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How to Clean Outside Air Conditioner

Now that summer is winding down and so is your outside air conditioner, it’s probably full of dirt and dust particles from being used so often. While regular air conditioning maintenance is not always common, frequent cleaning can extend its lifespan, allowing you to save a pretty penny from your hard work.

As there are a number of fall cleaning and maintenance chores to be done before winter arrives, cleaning your air conditioner is not one that should be skipped. Tending to this much-needed appliance can also prevent the risk of water damage as it often uses cold water to cool down the outside air. Here are some tips on how you can save both time, energy, and money when cleaning an outside air conditioner.

Cleaning Outdoor Air Conditioning Unit – What You Will Need

Cleaning your outdoor air conditioner can extend its lifespan and prevent significant water damage

Cleaning your outdoor air conditioner can extend its lifespan and prevent significant water damage

Depending on the air conditioning unit, you have you will need tools to remove the top of the air conditioning unit as well as a cleaning solution that is safe to use on the surface. Thankfully, many of these items you will already have around the house. Just make sure that you have everything before starting the project.

  • Water hose and sprayer
  • Proper protection (eyewear and gloves)
  • Air conditioner coil cleaner
  • Towel
  • Air filter (size will vary)
  • Hex Head Nut Screwdriver (size will vary according to each unit)

Take Proper Safety Precaution

Before even touching the unit, you will want to make sure that the power is turned off for safety measures. This can be done by locating and disconnecting the condenser (the outside unit) that is attached to the structure. After opening the lid on the service disconnect attached to the structure, you will see a handle to pull to disconnect the air conditioner from the power supply. Close the lid afterwards to avoid accidentally turning it back on.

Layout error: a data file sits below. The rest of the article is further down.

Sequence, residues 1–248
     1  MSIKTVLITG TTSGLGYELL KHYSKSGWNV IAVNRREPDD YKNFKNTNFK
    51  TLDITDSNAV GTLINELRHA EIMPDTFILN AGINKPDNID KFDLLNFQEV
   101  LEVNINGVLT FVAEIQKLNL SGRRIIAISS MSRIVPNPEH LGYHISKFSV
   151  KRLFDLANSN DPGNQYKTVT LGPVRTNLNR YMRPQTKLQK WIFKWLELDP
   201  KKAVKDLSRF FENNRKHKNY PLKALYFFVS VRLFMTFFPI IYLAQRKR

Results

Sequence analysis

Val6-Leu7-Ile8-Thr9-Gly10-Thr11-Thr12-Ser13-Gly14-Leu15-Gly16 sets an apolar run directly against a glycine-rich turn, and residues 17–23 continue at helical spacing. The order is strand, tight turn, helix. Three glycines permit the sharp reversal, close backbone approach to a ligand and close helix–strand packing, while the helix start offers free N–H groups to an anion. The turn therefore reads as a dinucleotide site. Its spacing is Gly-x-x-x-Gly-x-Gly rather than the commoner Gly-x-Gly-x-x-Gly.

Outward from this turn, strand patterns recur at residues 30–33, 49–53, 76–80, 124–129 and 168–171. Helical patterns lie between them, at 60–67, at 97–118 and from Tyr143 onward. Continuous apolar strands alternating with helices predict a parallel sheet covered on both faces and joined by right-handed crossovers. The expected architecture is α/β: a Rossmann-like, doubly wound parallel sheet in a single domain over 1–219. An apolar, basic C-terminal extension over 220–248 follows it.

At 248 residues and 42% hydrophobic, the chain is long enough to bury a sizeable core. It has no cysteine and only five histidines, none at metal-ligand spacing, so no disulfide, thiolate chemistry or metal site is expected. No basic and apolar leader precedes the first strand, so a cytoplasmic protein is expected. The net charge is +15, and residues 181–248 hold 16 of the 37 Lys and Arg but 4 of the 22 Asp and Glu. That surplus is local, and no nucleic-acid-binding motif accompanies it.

If you do not have a service disconnect on your unit, find the breaker in your electric panel that supplies power to the unit and shut it off. This way you will avoid any injuries during the cleaning process.

Remove the Lid of the Air Conditioner

Use a hex head nut driver to remove the bolts and lift off the top of the air conditioner

Use a hex head nut driver to remove the bolts and lift off the top of the air conditioner

Now that the power is properly turned off, use the hex nut drivers to remove the bolts connecting the lid to the unit. Then carefully lift the top off with the fan and motor attached. Do not remove the fan, motor, or any wiring from the lid as the process will become more technical. Carefully place the lid on the ground without applying stress or any weight on the wires.

Also be careful not to damage the fins that are installed on sides of the condenser. They are used for pulling air into the unit and if damaged, they will decrease the efficiency of the unit and cause it to work harder. If any are accidentally smashed in the cleaning process, combs can be bought and used to straighten them back out.

Start the Cleaning Process

After the lid is fully removed and there is no stress applied to the wires, you should have full access to the unit’s coils. You can start by removing leaves, grass, and any dirt in or at the bottom, pulling them out by hand. Taking these debris out will prevent any water and moisture from becoming trapped within the unit, which can lead to rust and mold growth. After removing the debris, lay the towel flat against the service panel to catch the majority of the water from entering the panel.